In addition to swollen ankles, mood swings that rival Gary Busey's, and the delightful experience of having to urinate every 12 minutes, women are more prone to yeast infections during pregnancy than any other time, particularly during the second trimester. "Most women have one or two episodes of yeast infection in pregnancy," says Daniel Roshan, M.D., a high-risk OB/GYN in New York City. The culprit? Hormonal changes, including higher levels of estrogen, which make it easier than usual for yeast to grow there.
Although uncomfortable, yeast infections during pregnancy aren't usually a big cause for concern. But as with any gestational health issue, there are some things you should know.
The Symptoms: Yeast infections during pregnancy don't differ very much from those that occur when you're not pregnant. They're pretty easy to spot due the fact that they can make you really itchy and uncomfortable. That said, it's always a good idea to visit your health care practitioner when something doesn't seem right during pregnancy to make sure you get an accurate diagnosis. Most doctors can spot a yeast infection with a simple exam, but sometimes they'll use a swab to remove discharge and view it through a microscope. Symptoms include: white, greenish, or yellowish cottage cheese-like discharge that may smell bad; an unusual amount of discharge; redness, itching, or irritation; burning during urination or sex.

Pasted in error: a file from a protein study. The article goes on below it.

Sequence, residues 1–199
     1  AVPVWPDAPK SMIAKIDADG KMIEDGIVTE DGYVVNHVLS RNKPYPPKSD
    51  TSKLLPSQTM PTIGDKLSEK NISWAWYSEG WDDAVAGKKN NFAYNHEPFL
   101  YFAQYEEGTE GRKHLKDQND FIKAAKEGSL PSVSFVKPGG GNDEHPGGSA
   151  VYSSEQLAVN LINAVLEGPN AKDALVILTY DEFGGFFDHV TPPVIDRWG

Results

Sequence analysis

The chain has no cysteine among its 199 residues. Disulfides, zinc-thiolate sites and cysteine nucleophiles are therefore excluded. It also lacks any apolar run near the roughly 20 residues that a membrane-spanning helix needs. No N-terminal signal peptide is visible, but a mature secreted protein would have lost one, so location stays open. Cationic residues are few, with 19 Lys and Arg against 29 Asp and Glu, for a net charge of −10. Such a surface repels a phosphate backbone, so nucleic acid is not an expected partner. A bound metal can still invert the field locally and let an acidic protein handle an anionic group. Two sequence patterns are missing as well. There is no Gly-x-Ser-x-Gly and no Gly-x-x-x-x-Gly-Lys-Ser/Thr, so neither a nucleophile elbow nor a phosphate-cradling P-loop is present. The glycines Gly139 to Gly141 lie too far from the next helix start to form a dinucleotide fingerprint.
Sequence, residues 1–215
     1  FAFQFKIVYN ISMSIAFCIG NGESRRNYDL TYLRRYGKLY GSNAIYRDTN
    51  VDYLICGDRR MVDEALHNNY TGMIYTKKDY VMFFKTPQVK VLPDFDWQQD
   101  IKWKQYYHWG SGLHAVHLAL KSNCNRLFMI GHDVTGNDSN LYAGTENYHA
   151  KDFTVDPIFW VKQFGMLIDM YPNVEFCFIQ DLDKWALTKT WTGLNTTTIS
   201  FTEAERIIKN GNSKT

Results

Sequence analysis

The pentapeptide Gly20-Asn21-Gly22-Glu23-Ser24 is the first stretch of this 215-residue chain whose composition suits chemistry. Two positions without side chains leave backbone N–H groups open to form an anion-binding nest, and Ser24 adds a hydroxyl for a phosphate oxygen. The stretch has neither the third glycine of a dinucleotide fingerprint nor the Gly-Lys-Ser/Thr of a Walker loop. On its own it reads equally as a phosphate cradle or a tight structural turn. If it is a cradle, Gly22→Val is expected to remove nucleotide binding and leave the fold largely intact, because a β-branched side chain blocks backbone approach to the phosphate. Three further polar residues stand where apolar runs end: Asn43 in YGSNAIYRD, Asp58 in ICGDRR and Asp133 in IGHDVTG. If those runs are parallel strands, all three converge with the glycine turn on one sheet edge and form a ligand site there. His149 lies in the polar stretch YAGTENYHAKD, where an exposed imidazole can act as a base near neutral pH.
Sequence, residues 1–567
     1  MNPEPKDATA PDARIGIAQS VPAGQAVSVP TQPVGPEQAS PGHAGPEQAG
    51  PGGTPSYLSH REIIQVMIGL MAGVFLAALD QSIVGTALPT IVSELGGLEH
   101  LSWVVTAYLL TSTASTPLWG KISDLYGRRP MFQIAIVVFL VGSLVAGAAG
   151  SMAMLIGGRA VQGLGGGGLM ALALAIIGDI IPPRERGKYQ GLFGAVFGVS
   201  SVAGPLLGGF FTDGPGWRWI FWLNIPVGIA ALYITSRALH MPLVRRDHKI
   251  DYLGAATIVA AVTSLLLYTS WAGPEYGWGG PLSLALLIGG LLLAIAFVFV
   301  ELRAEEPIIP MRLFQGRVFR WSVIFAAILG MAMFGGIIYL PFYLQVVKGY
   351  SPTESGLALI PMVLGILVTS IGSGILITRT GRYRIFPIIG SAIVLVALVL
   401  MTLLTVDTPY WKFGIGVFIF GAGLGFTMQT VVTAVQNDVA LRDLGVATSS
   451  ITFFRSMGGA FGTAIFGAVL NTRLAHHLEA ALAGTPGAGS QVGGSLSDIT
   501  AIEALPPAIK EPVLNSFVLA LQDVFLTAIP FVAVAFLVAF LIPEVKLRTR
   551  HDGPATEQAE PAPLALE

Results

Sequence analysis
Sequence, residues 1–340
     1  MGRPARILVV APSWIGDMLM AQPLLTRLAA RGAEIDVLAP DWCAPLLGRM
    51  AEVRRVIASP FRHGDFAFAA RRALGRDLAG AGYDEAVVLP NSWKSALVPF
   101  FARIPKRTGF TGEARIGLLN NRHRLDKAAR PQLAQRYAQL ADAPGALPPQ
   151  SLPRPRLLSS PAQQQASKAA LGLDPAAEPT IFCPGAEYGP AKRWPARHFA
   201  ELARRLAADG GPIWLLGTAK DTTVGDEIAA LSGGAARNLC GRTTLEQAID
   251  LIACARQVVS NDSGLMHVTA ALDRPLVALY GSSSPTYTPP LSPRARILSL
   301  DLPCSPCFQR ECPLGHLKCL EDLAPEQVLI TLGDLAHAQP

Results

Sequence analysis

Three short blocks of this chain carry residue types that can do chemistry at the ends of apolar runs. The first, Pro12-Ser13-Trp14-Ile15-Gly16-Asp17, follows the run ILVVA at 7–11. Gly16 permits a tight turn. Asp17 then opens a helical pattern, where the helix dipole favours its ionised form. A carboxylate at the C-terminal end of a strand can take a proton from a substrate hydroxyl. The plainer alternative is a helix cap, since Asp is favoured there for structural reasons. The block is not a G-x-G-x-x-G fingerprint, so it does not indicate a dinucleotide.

The Danger Factor: "Although the itching and burning of yeast infections are annoying, they are not harmful to mothers or babies," says Dr. Roshan. Caveat: If you have a yeast infection when you go into labor, your baby could contract it in her mouth, also know as thrush. Thrush is easily treated and isn't considered serious.
Tips for Prevention: "Wearing white cotton underwear, having good sex hygiene, eating yogurt and garlic, and minimizing sugar intake are all recommended for preventing yeast infections," says Dr. Roshan. Other things that may keep yeast infections at bay include:
- Using your blow dryer on a low, cool setting to help dry between your legs after a shower
- Always wiping from front to back after using the restroom
- Showering immediately after swimming, and changing out of swimsuits and workout clothes right away
- Getting plenty of rest to make it easier for your body to fight infections
Treatment Options: If you think you have a yeast infection, your doctor can give you a prescription medication or recommend a specific over-the-counter anti-fungal cream or suppository. Typically, the seven-day suppositories are used during pregnancy as opposed to the shorter course ones. Infections may take between 10 to 14 days to completely clear up. In the meantime, get some relief by soaking in a cool bath or by using an ice pack.
Did you ever have a yeast infection during pregnancy? What treatments worked for you?
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